Story #2 Isotopes, Brachiopods and Advice: Our husbands also became friends. Serious in their own pursuits (ecology and archaeology), together they talked about baseball, played in an Old Guys Baseball League, and took watch over the kids when Noreen and I were out and about. In 1994, we all went to rural Wisconsin to dig up fossil brachiopod shells from 500 million year old rocks. Neither of us was much of a “rock person”, being more comfortable in an analytical lab or with living organisms. We bought all sorts of rock hammers, chisels, and rock bags, bringing back hundreds of kilograms of sedimentary rock full of fossils.
My favorite part of this trip was an impromptu visit to the Leinenkugel Beer Brewery. After 5 hours of rock pounding, we decided to treat our husbands and postdoc Herve Bocherens to a couple of beers. We lugged our kids along, who weren’t allowed in the bar serving the beers. Each of us adults was given two tokens to exchange for two beers. Chris watched Dana and Evan in a little playground first, while I plunked down my first token. I took my first couple of sips before he stuck his head in.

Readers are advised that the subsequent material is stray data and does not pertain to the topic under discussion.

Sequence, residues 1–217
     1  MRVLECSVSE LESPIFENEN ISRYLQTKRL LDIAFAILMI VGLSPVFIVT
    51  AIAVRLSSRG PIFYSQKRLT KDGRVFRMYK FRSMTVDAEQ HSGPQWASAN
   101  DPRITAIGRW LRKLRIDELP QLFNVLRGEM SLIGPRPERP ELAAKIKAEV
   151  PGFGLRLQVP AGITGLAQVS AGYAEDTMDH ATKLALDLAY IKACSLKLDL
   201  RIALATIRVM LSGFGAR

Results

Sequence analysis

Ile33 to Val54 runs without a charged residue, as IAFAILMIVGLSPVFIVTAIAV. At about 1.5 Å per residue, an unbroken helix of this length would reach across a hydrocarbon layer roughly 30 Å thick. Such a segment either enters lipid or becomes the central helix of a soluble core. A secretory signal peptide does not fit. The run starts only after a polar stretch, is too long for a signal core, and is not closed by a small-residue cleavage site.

“The kids want you to come out.,” he said. “Now!” OK, I answered. “Finish my beer.”
Fifteen minutes later he came out and said, “Great beer. Your turn.” It came to little surprise to me that mid-sip, I was called out again. When he emerged again having downed my beers, he gave me one of his tokens, which I presented to the bartender.
“You’ve already had your two beers. I’ll have to ask to leave.” I was speechless.